Did you make this recipe?

Share an image on Instagram and tag @attainablesustainable with #attainablesustainable!

Here are some more canning recipes to try!

Try canning nectarines or peaches to preserve the sweet flavor of a summertime harvest. 

Applesauce is easy to make and preserve with a water bath. Here’s how

Did you know you can make your own shelf-stable chicken stock? Or  ready-to-use canned beans?? Talk about a time saver. (You DO need a pressure canner to make either of these.)

Originally published August 2011; this post has been updated.

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49 comments… add one
  • Tina Aug 3, 2021 @ 16:20

    Hi I don’t wanna be negative. But I made this recipe and when we tasted it after it has so much vinegar in it. I think it needs to have more sugar or some garlic and other things it just taste like vinegar. I’m kind of disappointed sorry

    • Kris Bordessa Aug 14, 2021 @ 7:32

      What a world it would be if we all liked the same exact flavors!

  • Melissa Nov 9, 2020 @ 14:14

    This is the third year in a row I’ve made this recipe! It’s such a great way to use all those tomatoes we harvested before the frost. I use whatever sweet peppers I have on hand in place of the red bell and it’s always delicious. Thanks!!

    • Kris Bordessa Nov 23, 2020 @ 17:23

      I’m so glad! I love it.

  • Kelly Sep 20, 2020 @ 13:31

    Is there a way I can safely reduce the spicyness (I intend to water bath can it). I just tasted it as it is reducing and it is spicier then I thought.
    Going to can it tomorrow.
    Thank you

    • Kris Bordessa Sep 27, 2020 @ 12:10

      Eek, sorry — just now seeing this. You could double the recipe, adding everything BUT the spices, but altering the recipe for canning isn’t a good idea. If you *weren’t canning it, you could always add more of all the non-spicy ingredients.

  • Diane Frederick Sep 9, 2020 @ 16:55

    I didn’t have enough rd wine or apple cider vinegar so I topped it off with regular vinegar. Then I couldn’t find just mustard seed so I used pickling spice. I used half cane sugar and half regular sugar. I let mine cook for 4 to 5 Hours. It’s quite spicy hot but delicious

  • Dhanmati Sep 9, 2020 @ 15:56

    Good night. In Trinidad our method is different and not refrigerated. Roast or steam the tomatoes,hot pepper, pimento, garlic, onions. Clean off skins. Put in the processor adding salt to taste and some water. Hot some cooking oil and pour in choka. We call that chunkeying of tomatoes choka.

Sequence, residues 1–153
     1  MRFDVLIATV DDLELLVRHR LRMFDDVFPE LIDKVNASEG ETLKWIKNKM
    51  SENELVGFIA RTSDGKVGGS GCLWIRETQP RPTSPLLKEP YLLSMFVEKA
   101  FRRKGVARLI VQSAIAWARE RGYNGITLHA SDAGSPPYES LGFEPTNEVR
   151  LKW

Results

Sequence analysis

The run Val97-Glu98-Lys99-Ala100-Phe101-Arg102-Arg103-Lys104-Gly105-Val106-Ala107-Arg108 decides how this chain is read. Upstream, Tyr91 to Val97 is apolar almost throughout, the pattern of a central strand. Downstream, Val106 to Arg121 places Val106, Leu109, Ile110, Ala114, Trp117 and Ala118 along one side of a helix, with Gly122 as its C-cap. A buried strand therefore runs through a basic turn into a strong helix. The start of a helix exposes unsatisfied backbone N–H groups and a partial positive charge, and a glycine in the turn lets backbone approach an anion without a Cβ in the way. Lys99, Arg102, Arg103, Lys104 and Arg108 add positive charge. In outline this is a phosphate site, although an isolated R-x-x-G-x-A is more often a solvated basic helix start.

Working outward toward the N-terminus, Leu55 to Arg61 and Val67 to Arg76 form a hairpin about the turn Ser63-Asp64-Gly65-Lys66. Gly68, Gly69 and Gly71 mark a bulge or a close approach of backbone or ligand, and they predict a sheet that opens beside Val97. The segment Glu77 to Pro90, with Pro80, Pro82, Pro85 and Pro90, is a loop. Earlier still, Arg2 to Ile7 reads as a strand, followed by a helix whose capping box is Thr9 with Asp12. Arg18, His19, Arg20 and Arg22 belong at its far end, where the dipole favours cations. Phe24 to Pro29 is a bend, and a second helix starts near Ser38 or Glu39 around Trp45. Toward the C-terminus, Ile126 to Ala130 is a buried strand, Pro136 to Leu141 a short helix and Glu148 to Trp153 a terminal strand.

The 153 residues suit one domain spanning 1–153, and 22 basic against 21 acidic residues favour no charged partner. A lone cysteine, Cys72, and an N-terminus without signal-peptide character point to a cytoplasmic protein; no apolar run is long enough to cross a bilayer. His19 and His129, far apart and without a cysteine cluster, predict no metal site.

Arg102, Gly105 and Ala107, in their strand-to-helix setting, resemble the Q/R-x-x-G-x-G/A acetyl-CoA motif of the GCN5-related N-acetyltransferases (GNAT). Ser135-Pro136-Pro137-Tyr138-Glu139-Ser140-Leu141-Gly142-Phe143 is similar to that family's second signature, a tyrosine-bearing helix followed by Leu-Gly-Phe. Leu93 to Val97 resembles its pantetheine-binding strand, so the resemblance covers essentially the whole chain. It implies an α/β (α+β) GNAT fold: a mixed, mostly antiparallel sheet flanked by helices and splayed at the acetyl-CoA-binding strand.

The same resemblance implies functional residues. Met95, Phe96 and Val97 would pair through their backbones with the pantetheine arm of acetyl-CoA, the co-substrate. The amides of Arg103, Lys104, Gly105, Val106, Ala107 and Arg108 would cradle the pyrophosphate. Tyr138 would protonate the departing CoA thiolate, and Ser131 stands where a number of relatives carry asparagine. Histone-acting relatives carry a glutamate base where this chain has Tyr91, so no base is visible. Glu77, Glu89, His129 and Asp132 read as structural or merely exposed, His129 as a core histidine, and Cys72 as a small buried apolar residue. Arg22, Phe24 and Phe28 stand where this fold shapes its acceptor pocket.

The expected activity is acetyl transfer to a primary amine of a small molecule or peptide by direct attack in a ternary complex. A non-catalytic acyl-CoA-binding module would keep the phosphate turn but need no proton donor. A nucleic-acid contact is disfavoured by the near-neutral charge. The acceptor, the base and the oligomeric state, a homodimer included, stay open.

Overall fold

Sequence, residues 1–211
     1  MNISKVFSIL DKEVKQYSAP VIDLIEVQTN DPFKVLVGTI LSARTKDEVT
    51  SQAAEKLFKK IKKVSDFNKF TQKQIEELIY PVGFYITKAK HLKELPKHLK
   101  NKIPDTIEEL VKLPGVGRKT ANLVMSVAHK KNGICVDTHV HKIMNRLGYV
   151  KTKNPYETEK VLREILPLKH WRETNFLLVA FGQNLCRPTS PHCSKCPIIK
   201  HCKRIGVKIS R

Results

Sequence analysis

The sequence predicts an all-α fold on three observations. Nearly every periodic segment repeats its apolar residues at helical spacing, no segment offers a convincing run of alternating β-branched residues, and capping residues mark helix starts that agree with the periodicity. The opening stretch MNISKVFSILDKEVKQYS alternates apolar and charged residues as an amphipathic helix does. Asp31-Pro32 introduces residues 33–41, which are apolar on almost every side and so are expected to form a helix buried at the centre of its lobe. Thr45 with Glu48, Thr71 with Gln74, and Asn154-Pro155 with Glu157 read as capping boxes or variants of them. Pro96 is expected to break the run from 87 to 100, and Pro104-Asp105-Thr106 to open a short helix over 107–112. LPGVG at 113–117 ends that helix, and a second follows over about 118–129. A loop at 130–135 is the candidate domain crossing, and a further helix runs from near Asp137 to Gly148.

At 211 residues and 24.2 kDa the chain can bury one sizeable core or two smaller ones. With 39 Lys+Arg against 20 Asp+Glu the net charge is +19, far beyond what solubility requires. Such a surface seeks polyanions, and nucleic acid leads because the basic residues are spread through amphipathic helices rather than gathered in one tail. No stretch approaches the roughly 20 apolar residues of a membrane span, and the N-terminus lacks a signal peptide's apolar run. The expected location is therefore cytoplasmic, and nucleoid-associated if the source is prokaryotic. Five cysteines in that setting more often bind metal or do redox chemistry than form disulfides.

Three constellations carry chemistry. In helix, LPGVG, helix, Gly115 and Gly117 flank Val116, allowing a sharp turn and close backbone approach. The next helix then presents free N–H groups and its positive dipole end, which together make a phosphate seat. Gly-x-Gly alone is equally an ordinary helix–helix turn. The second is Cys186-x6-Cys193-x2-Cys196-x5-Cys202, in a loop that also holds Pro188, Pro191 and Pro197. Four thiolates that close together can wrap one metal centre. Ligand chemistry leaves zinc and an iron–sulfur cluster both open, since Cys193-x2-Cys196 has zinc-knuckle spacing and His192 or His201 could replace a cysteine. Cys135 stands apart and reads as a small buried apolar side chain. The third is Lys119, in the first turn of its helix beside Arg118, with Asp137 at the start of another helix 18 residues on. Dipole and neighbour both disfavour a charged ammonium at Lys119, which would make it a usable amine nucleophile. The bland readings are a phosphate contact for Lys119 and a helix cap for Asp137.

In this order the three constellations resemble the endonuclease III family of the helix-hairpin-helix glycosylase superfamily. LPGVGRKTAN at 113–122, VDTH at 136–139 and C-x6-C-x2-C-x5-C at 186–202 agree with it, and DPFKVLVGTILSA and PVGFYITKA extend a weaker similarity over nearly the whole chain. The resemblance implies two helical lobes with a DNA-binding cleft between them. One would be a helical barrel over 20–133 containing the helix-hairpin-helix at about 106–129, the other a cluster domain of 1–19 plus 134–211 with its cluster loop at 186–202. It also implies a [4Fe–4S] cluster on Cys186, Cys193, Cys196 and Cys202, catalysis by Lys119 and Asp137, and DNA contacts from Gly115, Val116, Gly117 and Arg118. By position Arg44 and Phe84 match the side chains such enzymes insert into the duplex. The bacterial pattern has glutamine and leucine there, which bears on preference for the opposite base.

• Kris Bordessa Sep 11, 2020 @ 8:13

      I love that I learned the word “choka” today!

  • Nikki Jul 28, 2020 @ 16:51

    Sounds amazing!
    With so much vinegar, does it have a strong vinegar taste?
    I may have to try this.

    • Kris Bordessa Aug 6, 2020 @ 15:34

      Not to me!

  • Nancy Jun 7, 2020 @ 4:37

    Would love if you made your printable recipes more condensed so they fit on two pages (1page front and back). Any more than that means it will get lost. And save trees.

    • Kris Bordessa Jul 1, 2020 @ 8:33

      I understand your frustration. Sadly, I do not know how to do this.

  • James Jun 6, 2020 @ 11:08

    This very good. I will do a double batch next time. But be careful of red pepper flakes

  • Laloona Nov 3, 2019 @ 13:05

    Add some crushed fenugreek seeds too and skip the wine .

  • Coki Sep 14, 2019 @ 11:22

    How many pints do you get out of this recipe? If I double it do I need to simmer for 4hrs do you think? Thanks! Looks delicious!

    • Kris Bordessa Sep 20, 2019 @ 12:48

      Yield is about 5 pints. And no, if you double the ingredients you don’t necessarily need to double the cook time. You’ll need to keep an eye on it to know, though!

  • Becky Aug 25, 2019 @ 5:43

    Can’t you use cherry tomatoes?

    • Kris Bordessa Aug 25, 2019 @ 12:31

      You could!

  • Juliana Fendez Nov 18, 2018 @ 0:11

    I love tomato chutney, but have never tried the sweet and spicy version. Old recipes are always keepers. I am going to make this recipe soon.

  • Gracie Oct 10, 2018 @ 6:27

    Hi there,

    I am wondering how many pints does this make? Thanks!

    • Kris Bordessa Oct 17, 2018 @ 9:52

      Roughly 5-6.

  • Jen Sep 20, 2018 @ 14:29